On and on and on

Andrew Peterson and his wonderful little family sang this song in an online concert last night, and partway through the song something hit me that has never occurred to me before, despite my knowledge that the new earth that we’ll live in forever isn’t just limbo but life, not some ethereal harp-playing noplace, but a real, REAL, fully-redeemed physical place.

Jonathan and i were talking earlier yesterday about getting older and i said, “i’m so behind.” He nodded and said he feels that way himself sometimes. We’re in our mid-thirties, and he’s in school, and i’m looking to start school, and we’re only just sort of getting an idea of what we’re for, and meanwhile guys like AP are manhandling multiple careers with aplomb, having known who they were from the time they were 20 or younger.

But halfway through this song, these lines (which they’d already sung several times) spoke to me:

And it hurts so bad
but it’s so good to be young
And i don’t want to go back
i just want to go on and on and on
So don’t lose heart
Though your body’s wasting away
Your soul is not
It’s being remade
So don’t lose heart
Don’t lose heart
Your body will rise and never decay
Day by day by day

And it hit me: i WILL go on and on and on.

i think what we do in this life matters immensely, but:

All the stories i don’t get around to telling while in this old body will still be written. The difference is only in who gets a chance to read them (and what measure of grace and what manner of mystery inform my storytelling).

And that does matter—immensely—but there is still hope that who i am will remain; what He’s calling me to do does not end in my death; and i will have eternity to tell His stories. On and on and on.

That gives me a very different motivation to get on with it, and freedom to face the next two thirds of my life with eagerness to write, and without anxiety over whether i’ve done enough.

Advertisements

Rabbiting and renewal

i used to be very into music, back when i was in high school and everyone was into music. On my own i listened to Rich Mullins, Audio Adrenaline, dc Talk, and Steve Taylor; with my friends i listened to MxPx or Joy Electric. In college i discovered Andrew Peterson, who (i am certain) is incapable of creating anything that is not sehnsuchty. Then, somewhere along the way, i simply stopped. i stopped listening to the radio. i stopped buying albums. i stopped keeping up with favourite artists. i had been soaking in music for years and had become saturated, and something in me began craving silence.

Little by little, that silence has become filled with noise. Streaming TV shows while i cook and checking Facebook nonstop on my phone have replaced both the saturation of ceaseless music and the blessed peace of silence.

Discovering the Rabbit Room Radio burst the dam.

Over December and January’s 4000 miles of travel, Jonathan and i read all three books in Andrew Peterson’s Wingfeather Saga (book four and final is due out in April). When we finally came home to roost, all i wanted to do was soak in the story—it is painfully, beautifully glorious—and listen to AP’s music. “Beautiful Things” by Gungor required several listens as well; it is the anthem of my heart, especially in regards to creating. One thing led to another, and i ended up at the Rabbit Room Radio.

i feel like i am waking up from a decade-long sleep to discover that the whole universe is singing, and i have missed so much.

But where on earth do i start when i have been asleep for so long?

i am still yawning and rubbing sleep from my wide eyes, and the Rabbit Room Radio has been playing nearly nonstop. Along with a wealth of AP songs i have never heard, i have been discovering new artists, one song at a time. Josh Garrels. Melanie Penn. Andy Gullahorn. Jason Gray. Eric Peters. All members of the Square Peg Alliance, their songs and styles inhabit a shared musical acreage, but each one awakens something different in me.

While streaming the radio, i have also been reading articles and interviews at the Rabbit Room, and here and there i switch music for podcasts on topics such as tragedy in literature. (i am deeply jealous of the conversations these people are having, but grateful to have the opportunity to listen and think, and, sometimes, discuss with my own community.) An article by Travis Prinzi hit home. And an interview with AP’s brother, Pete Peterson, yielded a little comment that has grown into something much larger as i continue processing it.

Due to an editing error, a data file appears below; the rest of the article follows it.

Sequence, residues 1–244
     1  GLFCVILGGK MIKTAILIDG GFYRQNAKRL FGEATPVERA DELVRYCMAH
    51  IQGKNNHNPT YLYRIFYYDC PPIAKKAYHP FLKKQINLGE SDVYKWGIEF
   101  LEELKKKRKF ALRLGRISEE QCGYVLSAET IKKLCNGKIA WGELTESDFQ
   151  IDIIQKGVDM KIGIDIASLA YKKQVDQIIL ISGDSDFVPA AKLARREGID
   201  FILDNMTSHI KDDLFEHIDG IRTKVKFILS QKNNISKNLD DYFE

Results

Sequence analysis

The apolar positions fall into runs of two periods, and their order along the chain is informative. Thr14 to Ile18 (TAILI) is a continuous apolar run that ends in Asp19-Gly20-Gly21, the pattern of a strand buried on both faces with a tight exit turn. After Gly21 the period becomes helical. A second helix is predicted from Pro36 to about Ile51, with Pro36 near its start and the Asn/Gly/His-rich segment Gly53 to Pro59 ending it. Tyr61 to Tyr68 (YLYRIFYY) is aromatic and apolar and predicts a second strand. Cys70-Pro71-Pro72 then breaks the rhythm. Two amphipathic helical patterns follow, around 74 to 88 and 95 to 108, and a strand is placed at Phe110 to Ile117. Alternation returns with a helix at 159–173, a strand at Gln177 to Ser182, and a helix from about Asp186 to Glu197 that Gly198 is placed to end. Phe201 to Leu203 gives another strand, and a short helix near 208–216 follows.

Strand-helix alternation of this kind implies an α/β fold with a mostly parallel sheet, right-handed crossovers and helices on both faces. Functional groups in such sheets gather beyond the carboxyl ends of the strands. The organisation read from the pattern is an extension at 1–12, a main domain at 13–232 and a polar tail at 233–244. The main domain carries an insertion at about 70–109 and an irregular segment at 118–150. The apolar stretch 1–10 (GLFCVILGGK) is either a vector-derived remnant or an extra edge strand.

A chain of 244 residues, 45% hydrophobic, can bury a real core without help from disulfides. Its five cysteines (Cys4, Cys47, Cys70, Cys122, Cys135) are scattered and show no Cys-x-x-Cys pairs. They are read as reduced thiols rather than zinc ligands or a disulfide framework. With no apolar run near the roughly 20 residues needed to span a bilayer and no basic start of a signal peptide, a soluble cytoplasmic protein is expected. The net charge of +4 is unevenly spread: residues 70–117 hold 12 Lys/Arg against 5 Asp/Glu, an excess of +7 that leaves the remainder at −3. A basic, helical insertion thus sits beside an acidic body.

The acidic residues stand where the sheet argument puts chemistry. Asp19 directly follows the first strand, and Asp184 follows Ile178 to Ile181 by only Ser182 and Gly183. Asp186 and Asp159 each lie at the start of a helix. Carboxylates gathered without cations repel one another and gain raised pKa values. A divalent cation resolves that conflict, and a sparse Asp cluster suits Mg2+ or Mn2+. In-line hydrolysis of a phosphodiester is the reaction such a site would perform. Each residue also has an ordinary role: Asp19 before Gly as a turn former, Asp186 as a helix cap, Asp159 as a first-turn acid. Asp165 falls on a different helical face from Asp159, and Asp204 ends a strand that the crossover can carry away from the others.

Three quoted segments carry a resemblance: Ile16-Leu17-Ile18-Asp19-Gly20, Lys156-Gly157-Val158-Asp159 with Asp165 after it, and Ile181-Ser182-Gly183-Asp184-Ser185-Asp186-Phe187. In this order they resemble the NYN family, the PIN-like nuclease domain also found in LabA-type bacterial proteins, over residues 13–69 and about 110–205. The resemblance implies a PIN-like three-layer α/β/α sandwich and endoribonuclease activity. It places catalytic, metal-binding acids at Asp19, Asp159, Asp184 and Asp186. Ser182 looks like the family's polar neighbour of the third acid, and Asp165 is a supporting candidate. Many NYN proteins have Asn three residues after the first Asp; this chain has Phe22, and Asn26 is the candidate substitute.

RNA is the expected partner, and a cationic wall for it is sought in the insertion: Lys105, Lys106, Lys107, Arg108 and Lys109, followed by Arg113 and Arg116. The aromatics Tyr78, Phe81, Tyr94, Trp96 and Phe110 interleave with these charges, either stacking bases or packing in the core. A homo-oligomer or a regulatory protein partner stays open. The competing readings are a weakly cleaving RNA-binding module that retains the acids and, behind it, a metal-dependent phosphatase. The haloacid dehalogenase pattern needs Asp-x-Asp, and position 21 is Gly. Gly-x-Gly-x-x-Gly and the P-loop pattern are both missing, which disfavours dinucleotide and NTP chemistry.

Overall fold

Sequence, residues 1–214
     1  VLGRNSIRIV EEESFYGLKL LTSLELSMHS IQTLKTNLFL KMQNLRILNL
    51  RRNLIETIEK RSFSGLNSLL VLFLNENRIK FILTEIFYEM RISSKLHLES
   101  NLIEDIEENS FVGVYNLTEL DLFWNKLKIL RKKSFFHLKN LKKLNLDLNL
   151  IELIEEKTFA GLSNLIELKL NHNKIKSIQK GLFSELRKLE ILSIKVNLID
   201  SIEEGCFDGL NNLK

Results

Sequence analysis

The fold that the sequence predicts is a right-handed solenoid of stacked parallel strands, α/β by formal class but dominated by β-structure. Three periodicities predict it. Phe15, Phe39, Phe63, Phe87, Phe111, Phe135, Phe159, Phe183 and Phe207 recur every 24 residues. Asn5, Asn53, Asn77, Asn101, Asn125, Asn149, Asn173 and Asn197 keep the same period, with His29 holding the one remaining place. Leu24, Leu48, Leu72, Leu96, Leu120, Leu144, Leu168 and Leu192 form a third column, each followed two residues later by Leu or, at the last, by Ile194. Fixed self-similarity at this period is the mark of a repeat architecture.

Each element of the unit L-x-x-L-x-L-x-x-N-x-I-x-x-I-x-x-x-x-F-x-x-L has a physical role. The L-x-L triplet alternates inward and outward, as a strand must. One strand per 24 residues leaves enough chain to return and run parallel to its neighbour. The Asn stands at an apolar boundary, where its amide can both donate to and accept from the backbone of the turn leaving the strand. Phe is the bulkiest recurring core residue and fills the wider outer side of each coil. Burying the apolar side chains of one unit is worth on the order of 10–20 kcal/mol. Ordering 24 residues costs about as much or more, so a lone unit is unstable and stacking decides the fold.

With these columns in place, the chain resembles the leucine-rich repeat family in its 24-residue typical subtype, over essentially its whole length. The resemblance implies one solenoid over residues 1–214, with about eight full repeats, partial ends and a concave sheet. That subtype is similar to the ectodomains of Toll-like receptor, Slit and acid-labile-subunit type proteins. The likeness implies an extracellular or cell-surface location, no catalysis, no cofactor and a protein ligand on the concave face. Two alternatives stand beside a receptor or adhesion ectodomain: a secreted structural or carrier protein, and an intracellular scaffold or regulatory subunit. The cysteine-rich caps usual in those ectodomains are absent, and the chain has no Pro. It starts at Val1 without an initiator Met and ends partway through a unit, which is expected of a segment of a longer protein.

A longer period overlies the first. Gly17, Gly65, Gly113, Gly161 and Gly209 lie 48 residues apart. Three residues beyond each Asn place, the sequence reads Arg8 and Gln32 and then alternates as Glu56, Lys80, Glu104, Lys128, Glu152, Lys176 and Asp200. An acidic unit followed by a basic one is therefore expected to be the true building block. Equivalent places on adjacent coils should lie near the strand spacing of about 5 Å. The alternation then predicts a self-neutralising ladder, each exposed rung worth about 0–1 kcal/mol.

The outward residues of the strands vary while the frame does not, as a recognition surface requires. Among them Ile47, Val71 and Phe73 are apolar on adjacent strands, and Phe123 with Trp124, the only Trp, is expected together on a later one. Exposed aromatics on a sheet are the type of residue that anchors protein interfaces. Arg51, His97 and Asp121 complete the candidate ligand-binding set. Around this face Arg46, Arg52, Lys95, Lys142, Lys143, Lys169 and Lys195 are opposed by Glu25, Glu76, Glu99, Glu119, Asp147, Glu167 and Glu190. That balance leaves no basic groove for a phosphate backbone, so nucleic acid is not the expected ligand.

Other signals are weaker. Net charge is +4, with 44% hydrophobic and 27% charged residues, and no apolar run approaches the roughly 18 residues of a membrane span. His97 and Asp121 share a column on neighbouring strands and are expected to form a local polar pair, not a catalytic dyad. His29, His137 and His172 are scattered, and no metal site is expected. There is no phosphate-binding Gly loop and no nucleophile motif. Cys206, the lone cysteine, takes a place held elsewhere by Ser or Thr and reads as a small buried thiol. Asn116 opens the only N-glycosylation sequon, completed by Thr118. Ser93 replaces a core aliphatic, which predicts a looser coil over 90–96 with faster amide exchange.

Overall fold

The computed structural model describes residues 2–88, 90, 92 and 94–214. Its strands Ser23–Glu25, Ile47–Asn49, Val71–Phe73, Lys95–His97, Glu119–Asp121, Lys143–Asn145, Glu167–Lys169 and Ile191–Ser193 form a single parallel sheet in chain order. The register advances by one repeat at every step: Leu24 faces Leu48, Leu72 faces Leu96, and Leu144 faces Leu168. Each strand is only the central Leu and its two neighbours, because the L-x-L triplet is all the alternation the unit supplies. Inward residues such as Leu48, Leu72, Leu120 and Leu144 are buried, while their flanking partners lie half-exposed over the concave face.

In the interview, Pete was asked about the phrase “feeding the gnome,” which he acknowledged gleaning from Stephen King’s celebrated book On Writing (which i have not read). The concept is that every writer has a “gnome” inside which feeds the author story ideas, but the gnome must be well-fed, or else it’ll wither away or become fat and lazy. i think mine is the latter, and it was convicting to read this. My gnome has, for a long while, mostly been fed junk food. Reading about this idea while learning to listen to music again after so long made me start thinking about what i consume and how that affects what i’m able to imagine and produce.

i need to read fewer Facebook posts and more literary fiction.

i need to pay less attention to ideas about crafting and spend more time actually crafting.

i need to fill up my ears with music rather than with noise.

i need to become comfortable with silence again rather than seeking always to fill it.

i need to spend more time in Scripture, engaging it fully and letting it renew me, rather than checking off a daily reading every other day.

i need to learn to think deep thoughts again, rather than rely on sound bites or shallow article-skimming (by which i mean shallow skimming of shallow articles).

i need to recover the lost art of soaking in and reflecting on and enjoying what i am reading, rather than jumping to post about something before i’ve even processed it.

i need to make an effort to express myself well, rather than rely on internet shorthand.

i am still working out what i expect this to look like, but one change i want to make is to spend very little time on Facebook and TV shows this month. That time may instead be spent reading or writing, if it comes in blocks (and i do expect to have more blocks of time, as watching TV while doing tasks always makes the tasks take longer). If it is time cleaning the kitchen or making the weekly menu or cooking dinner, and i would normally fill the silence behind these tasks with TV shows, i will instead fill the silence with music or prayer or nothing.

i think i am actually very close to catching up in my work on Rixi. There is a natural pause coming which is nearly upon me, and it will not take long to get there. i need to make space for that to happen. But even aside from the practical implications of spending less time ingesting shallow televised stories and memes and more time creating my own stories, i need to develop better habits as a subcreator and as a human.

Now to break the news to my Facebook constituency.